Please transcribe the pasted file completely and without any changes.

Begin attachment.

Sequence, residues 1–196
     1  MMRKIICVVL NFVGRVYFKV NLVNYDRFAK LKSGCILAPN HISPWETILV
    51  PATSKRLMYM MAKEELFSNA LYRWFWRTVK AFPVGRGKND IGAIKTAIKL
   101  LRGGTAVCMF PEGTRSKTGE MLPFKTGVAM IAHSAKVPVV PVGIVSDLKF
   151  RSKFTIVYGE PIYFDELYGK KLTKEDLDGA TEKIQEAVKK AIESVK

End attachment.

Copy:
Sequence, residues 1–196
     1  MMRKIICVVL NFVGRVYFKV NLVNYDRFAK LKSGCILAPN HISPWETILV
    51  PATSKRLMYM MAKEELFSNA LYRWFWRTVK AFPVGRGKND IGAIKTAIKL
   101  LRGGTAVCMF PEGTRSKTGE MLPFKTGVAM IAHSAKVPVV PVGIVSDLKF
   151  RSKFTIVYGE PIYFDELYGK KLTKEDLDGA TEKIQEAVKK AIESVK